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SafaPani for Water Purifications

The Challenge

Arsenic contamination in groundwater affects millions of people around the world. In Bangladesh alone, over 60 million people are exposed to contamination levels five times higher than the World Health Organization's acceptable standard for arsenic in safe drinking water. Arsenic poisoning symptoms include abdominal pain, diarrhea, skin disease, and lesions, and can result in blood diseases, gangrene, and many forms of cancer.


The Solution

SafaPani, meaning "Clean Water" in Nepali, is an inexpensive household water filtering system that can cut arsenic concentrations below the WHO limit of 10ppb. In regions where contamination level often ranges above 200 ppb, access to such a filtering system is strongly needed.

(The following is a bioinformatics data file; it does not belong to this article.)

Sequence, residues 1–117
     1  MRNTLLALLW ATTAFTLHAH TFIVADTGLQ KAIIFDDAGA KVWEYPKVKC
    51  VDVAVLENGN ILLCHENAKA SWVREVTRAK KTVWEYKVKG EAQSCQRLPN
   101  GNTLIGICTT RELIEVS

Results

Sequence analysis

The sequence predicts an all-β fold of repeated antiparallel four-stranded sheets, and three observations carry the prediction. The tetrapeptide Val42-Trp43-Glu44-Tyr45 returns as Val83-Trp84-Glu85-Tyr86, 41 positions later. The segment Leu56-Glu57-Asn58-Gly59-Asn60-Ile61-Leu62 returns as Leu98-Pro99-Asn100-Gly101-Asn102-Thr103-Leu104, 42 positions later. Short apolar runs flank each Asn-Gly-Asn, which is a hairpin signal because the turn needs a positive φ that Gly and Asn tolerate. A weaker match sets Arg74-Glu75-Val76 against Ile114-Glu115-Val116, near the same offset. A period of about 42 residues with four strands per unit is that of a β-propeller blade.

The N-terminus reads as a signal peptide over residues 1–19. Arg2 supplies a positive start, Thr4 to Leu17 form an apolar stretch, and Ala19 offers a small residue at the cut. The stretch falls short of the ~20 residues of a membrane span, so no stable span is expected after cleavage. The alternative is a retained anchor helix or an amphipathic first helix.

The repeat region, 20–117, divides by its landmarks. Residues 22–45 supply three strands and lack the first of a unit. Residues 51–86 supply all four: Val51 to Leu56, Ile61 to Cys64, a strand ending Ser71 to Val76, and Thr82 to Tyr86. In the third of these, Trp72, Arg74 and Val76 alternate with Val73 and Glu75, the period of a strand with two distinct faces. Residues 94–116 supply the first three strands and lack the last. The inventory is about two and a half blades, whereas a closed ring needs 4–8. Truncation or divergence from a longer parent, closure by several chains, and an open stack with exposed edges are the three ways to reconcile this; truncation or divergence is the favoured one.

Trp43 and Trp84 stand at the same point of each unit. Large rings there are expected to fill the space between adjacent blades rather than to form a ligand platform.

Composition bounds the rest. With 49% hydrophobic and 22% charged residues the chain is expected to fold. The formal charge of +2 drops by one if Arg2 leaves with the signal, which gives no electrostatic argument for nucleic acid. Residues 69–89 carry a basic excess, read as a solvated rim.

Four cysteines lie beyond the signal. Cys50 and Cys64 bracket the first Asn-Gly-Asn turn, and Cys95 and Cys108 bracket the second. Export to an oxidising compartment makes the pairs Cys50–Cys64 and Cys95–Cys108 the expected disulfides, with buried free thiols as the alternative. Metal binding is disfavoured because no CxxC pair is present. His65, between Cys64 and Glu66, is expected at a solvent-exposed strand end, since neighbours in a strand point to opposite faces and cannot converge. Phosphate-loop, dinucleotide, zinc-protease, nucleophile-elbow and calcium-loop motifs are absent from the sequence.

This three-stage SafaPani electrocoagulation process was identified and proven by a Dartmouth

'capstone' engineering team.


In the top chamber, a mild DC voltage drives iron from the electrodes into the water.  The iron oxidizes and rapidly coagulates into minute rust particles. Arsenic closely resembles the iron oxide molecules so finds itself included in the rust matrix. The contents of the first bucket drain through a second bucket with a sand bed and a perforated bottom. The sand adsorbs the sediments, and the filtered, largely arsenic-free water percolates down into the third (storage) bucket.


A well-designed system will have to be effective (meet the target),

reliable (in the absence of testing it must indicate when it is not functioning properly), and



We have suspended work on SafaPani in order to complete the Looma initiative.


If SafaPani can be designed to meet these criteria, it will have several advantages:
  ● Reduces arsenic levels below World Health Organization standards
  ● Will have a reliable indicator of arsenic removal
  ● Uses 6v which is easily available from a solar power system
  ● Can use locally available sand
  ● Involves minimal operating costs.

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